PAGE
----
FIGS. 2B-2D collectively illustrate additional cartridge drives 12B-12D that can be part of a family of cartridge drives. More specifically, FIG. 2B is a perspective view of another embodiment of a portion of the cartridge drive 12B, including a protrusion pattern 32B having a protrusion 30B that includes a support section 42B, and a key section that includes a key region 46B. Many of the features of this embodiment are substantially similar to the cartridge drive 12 illustrated in FIG. 2A. However, in FIG. 2B, the protrusion 30B is substantially “L” shaped, and cantilevers from the receiver wall 28B of the cartridge receiver 18B. The protrusion 30B has a protrusion length 70B that is measured from the receiver wall 28B to the portion of the key region 46B that is nearest the receiver wall 28B, as illustrated in FIG. 2B.

FIG. 2C illustrates a portion of the cartridge drive 12C, including a protrusion pattern 32C that includes a protrusion 30C having a support section 42C, and a key section 44C that includes a key region 46C. The protrusion 30C has a protrusion length 70C which is greater than the protrusion length 70B of the protrusion 30B illustrated in FIG. 2B. Stated another way, the key region 46C of the protrusion 30C is positioned further from the receiver wall 28C than the key region 46B of the protrusion 30B (illustrated in FIG. 2B).

FIG. 2D illustrates a portion of the cartridge drive 12D, including a protrusion pattern 32D having a protrusion 30D that includes a support section 42D, and a key section 44D having a key region 46D. The protrusion 30D has a protrusion length 70D which is greater than the protrusion lengths 70B, 70C of the protrusions 30B, 30C, illustrated in FIGS. 2B and 2C, respectively. Stated another way, the key region 46D of the protrusion 30D is positioned further from the receiver wall 28D than the key regions 46B, 46C of the protrusions 30B, 30C (illustrated in FIGS. 2B and 2C, respectively).

In an alternative embodiment (not shown), the protrusion pattern is substantially “E” shaped. Stated another way, the key section can include three key regions that cantilever from the support section. In further embodiments (not shown), the protrusion pattern can have more than three key regions that cantilever from the support section. The key regions can be evenly spaced or randomly spaced along the support section. Each key region within the key section can be substantially similarly shaped, or can have a different shape. Further, the key regions can be integrally formed with the support section, or the key regions can be separately formed and secured to the support section.

In another embodiment (not shown), the protrusion can omit the support section. In this embodiment, each key section is secured directly to the cartridge receiver such as one of the receiver walls or the receiver base, or to other components of the cartridge drive. For example, the protrusion pattern can include one or more protrusions that are each independently secured to the cartridge receiver without utilizing a support section.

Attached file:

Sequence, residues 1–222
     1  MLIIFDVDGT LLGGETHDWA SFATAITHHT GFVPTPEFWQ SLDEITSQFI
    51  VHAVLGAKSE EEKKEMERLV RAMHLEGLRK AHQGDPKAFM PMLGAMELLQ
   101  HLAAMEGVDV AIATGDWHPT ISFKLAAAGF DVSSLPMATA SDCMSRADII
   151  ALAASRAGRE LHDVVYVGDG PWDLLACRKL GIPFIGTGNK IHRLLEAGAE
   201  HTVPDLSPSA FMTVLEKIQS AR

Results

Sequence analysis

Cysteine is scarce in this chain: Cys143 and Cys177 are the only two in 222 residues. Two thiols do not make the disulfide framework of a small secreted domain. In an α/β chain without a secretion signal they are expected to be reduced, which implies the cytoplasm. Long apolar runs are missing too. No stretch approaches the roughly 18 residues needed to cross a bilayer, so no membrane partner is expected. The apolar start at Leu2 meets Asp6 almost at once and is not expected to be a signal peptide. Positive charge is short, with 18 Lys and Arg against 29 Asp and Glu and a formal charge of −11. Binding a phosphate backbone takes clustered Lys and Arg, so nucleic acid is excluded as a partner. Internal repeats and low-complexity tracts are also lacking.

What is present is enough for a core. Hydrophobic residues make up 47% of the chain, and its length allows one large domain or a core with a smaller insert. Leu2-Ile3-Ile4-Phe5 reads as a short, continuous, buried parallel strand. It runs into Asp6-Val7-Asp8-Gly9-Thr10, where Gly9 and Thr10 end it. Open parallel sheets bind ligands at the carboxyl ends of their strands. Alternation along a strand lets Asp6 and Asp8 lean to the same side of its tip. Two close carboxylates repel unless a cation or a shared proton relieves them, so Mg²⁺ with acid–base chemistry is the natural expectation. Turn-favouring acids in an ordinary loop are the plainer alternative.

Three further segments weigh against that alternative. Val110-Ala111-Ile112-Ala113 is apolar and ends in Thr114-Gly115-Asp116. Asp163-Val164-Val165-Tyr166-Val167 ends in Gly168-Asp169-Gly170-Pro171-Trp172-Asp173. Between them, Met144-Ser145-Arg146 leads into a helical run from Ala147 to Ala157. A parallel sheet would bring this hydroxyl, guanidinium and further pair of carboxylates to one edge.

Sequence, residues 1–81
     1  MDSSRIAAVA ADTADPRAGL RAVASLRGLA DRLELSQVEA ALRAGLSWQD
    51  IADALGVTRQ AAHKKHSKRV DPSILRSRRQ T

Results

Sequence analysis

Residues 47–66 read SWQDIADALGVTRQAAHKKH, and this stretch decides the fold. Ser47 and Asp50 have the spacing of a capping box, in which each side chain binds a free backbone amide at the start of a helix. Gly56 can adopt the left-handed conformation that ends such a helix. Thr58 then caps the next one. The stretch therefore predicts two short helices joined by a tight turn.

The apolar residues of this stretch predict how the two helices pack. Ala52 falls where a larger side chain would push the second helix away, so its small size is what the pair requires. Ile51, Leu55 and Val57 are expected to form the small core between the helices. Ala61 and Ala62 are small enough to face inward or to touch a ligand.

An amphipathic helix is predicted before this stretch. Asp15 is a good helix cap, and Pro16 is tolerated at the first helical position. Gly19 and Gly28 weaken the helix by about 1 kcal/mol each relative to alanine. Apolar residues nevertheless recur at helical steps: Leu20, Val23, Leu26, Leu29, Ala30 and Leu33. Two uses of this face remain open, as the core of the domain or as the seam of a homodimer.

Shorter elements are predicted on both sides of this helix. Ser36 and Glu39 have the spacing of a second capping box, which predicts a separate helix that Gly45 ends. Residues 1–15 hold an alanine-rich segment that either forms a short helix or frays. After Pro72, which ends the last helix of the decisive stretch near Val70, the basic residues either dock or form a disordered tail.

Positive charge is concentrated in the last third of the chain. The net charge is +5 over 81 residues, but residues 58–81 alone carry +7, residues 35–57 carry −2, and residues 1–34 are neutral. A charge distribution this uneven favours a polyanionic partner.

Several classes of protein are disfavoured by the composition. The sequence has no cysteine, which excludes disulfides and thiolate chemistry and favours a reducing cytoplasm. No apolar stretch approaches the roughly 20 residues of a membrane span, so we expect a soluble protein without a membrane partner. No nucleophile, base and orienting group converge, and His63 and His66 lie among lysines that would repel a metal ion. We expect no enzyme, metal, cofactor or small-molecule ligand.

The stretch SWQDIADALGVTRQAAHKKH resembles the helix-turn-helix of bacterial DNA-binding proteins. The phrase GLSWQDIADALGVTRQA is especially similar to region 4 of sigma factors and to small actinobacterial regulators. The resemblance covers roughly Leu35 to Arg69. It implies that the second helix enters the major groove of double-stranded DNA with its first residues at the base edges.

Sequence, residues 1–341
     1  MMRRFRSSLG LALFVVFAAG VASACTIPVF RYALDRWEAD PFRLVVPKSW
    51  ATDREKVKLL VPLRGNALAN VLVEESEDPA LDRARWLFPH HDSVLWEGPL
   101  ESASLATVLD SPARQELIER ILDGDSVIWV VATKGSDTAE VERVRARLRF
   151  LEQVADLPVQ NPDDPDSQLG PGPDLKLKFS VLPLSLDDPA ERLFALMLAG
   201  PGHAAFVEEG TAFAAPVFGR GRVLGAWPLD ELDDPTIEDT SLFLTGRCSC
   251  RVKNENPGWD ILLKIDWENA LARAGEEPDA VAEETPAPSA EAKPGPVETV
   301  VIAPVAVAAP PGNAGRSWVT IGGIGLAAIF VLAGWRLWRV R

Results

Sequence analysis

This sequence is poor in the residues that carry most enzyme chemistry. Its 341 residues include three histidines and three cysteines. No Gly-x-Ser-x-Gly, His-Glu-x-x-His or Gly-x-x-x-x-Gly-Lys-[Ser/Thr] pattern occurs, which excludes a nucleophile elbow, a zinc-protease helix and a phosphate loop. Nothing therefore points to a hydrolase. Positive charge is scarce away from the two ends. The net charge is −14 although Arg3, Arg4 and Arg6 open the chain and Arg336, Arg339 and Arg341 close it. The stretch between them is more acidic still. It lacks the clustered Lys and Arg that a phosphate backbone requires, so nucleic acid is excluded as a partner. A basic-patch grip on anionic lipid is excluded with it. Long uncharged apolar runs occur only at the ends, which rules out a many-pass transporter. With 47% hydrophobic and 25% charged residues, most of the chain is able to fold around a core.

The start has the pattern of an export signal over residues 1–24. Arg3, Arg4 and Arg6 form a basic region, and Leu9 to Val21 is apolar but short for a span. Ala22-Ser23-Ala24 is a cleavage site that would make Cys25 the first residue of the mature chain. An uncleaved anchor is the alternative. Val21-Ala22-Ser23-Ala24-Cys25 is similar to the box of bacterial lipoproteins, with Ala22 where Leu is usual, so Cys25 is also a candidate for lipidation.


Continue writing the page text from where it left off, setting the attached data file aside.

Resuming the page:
In still another embodiment (not shown), the protrusion can omit the key section. In this embodiment, the protrusion includes only the support section, which can cantilever from the cartridge receiver or the receiver base. The support section in this embodiment acts as the key, which either fits within the recess of a compatible cartridge, or impedes full insertion of an incompatible cartridge into the cartridge receiver.

The protrusion(s) 30 described above can be formed from various sufficiently rigid and/or durable materials such as aluminum or other metals, plastics, epoxy resins or ceramics, as non-exclusive examples.

FIGS. 3A and 3B illustrate a cartridge 14A having a compatibility scheme consistent with the cartridge drive 12A illustrated in FIG. 2A. For example, the cartridge 14A in FIG. 3A includes a substantially rectangular cartridge housing 34 defining a cartridge interior 48. The cartridge housing 34 includes a first cartridge section 50 and a second cartridge section 52 that are mounted together. In the embodiment illustrated in FIG. 3A, the cartridge housing 34 includes four cartridge side walls 58 (only two cartridge side walls 58 are shown), a cartridge rear wall 60 and a cartridge front wall (not shown) opposite the cartridge rear wall 60. The cartridge rear wall 60 includes a pivotal door 54 that moves to an open position (as illustrated in FIG. 3A) upon insertion of the cartridge 14A into the cartridge drive 12 in order to expose a portion of the reel 38. During storage of the cartridge 14A, the pivotal door 54 remains in a closed position so that the pivotal door 54 is substantially flush with the remaining portion of the cartridge rear wall 60. A portion of the reel 38 is also exposed through a reel aperture 71 in one of the cartridge side walls 58, as illustrated in FIG. 3A.